When you were a child, your Mom and Dad gave you plenty of guidance on appropriate and inappropriate behavior, right? You doubtless quickly learned about tantrums being undesirable behavior, whacking your sister, failing to do your homework and all kinds of normal, but unacceptable child behaviors. How did you learn about changing behavior? Depending on your parent's preferred discipline system, you may have received a smack on the behind, a time-out or loss of privileges. In any case, consequences were always involved.

San Diego's behavior change in young kids can be challenging, requiring much repetition of the consequences, before the message sinks in. However, as you grow out of adolescence and into adulthood, changing behaviors may become a little more tricky. Let's say you're a procrastinator. As a kid, you procrastinated on those homework assignments, simply because they weren't sufficiently interesting, or you'd rather watch TV or play video games. Before you knew it, it was bed time and the homework still wasn't done.

Now, here you're in college, without Mom or Dad standing over your shoulder. You've carried your procrastinating habit right into college. Now what? You know that changing your procrastinating behavior is necessary if you are to succeed in school. The question is, how? Most changing behavior in San Diego patterns exist sheerly out of habit. If you've formed the habit of brushing your teeth every morning and evening, skipping one of those brushings makes you feel like something's wrong.

“Oh, yeah, my teeth feel fuzzy...” If you habitually enjoy a cup of hot chocolate before bedtime, it's unlikely you'll forget tonight. On the other hand, bad habits are equally hard to break. If you have a hot Irish temper and not much self-discipline, you're likely to lash out at someone every time your ire gets the better of you. If you're a smoker, you know it's a hard habit to break. Pacific Beach's health behavior change patterns aren't as insurmountable a task as you might think. While the severity and impact of a particular behavior may vary, the successful strategy has certain commonalities.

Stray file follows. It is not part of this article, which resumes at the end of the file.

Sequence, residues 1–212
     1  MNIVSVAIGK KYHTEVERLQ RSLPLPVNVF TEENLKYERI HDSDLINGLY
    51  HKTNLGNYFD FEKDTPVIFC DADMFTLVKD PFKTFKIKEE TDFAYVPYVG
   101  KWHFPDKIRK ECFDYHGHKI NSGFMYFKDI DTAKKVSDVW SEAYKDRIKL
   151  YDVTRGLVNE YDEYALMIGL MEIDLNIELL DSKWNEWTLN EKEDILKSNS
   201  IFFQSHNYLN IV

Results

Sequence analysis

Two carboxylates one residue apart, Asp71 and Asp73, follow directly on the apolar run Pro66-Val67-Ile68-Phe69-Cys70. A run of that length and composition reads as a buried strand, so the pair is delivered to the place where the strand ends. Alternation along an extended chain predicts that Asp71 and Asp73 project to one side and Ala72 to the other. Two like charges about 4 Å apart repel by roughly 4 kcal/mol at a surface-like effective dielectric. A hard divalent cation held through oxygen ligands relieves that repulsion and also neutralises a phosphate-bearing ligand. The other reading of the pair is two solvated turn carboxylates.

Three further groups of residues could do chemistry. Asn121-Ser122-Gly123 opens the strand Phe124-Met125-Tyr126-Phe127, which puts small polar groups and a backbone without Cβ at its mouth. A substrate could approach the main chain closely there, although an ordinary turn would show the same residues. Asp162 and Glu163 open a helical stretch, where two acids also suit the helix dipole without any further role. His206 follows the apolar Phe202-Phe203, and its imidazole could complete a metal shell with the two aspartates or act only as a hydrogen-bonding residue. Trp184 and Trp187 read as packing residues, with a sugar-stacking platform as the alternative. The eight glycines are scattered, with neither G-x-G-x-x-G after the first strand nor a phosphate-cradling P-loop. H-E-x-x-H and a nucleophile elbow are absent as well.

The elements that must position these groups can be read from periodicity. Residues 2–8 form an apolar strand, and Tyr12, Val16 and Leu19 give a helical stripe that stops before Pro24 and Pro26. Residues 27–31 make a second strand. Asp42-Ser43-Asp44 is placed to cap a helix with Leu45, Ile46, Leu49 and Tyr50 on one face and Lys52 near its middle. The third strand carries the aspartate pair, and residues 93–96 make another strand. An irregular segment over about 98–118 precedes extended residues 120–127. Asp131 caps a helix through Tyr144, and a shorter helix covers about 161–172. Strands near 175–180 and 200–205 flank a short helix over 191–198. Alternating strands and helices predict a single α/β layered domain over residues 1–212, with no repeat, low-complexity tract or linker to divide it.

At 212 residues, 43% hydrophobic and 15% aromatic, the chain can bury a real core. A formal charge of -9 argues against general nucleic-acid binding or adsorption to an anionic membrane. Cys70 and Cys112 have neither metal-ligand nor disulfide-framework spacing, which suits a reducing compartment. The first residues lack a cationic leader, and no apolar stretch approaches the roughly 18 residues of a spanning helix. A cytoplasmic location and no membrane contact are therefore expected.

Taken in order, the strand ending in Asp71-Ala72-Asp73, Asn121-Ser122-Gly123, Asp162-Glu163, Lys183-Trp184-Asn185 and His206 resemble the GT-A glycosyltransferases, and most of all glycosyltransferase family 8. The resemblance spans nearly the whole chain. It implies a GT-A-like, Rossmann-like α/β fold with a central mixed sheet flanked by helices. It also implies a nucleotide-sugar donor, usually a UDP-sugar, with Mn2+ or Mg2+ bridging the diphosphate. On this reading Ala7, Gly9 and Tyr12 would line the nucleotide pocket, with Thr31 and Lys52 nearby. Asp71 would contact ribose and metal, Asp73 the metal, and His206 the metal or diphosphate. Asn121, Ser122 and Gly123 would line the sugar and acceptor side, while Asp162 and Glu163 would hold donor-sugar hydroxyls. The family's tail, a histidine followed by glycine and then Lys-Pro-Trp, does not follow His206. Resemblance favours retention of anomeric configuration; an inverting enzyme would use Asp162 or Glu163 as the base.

You first need to identify the behavior you want, or need, to change. This part is usually easy. The next step requires that you be motivated and determine what that motivating factor is. There might be several. For example, let's take the case of the procrastinator. You're always late for classes, appointments and forget to pay your bills. You put off doing the laundry until you don't have a clean pair of socks. The consequences?

Missed classes, poor grades, a reputation as a flake and increased APRs on credit cards and a bunch of late fees. You're invited to a party, but can't make it because you have no clean duds. So you can see that the consequences, just as when you were a child, are typically your motivating factors. When all the consequences fall on you, it becomes apparent that you're responsible for effectively shooting yourself in the foot by not changing your behavior! Here's how to approach changing behavior in Pacific Beach which you don't like and which are hurting you.

Make a list of the manifestations of the undesirable behavior, e.g. late for classes, et al. Now, list the consequences of your behavior. Make a copy or two. One for the frig, one on your bedside table and one to carry everywhere you go. Each time the “Oh, I'll do that later...” type of thought enters your mind, consult your list, grit your teeth and do it now!

Before you know it, you'll be changing that behavior without a need to read the list. You'll be reaping the benefits – no consequences, at least for that particular behavior. Almost every behavior pattern comes down to habit. Using this strategy makes changing behavior doable. People will notice. You'll feel better about yourself and probably, less stressed out. You can do it.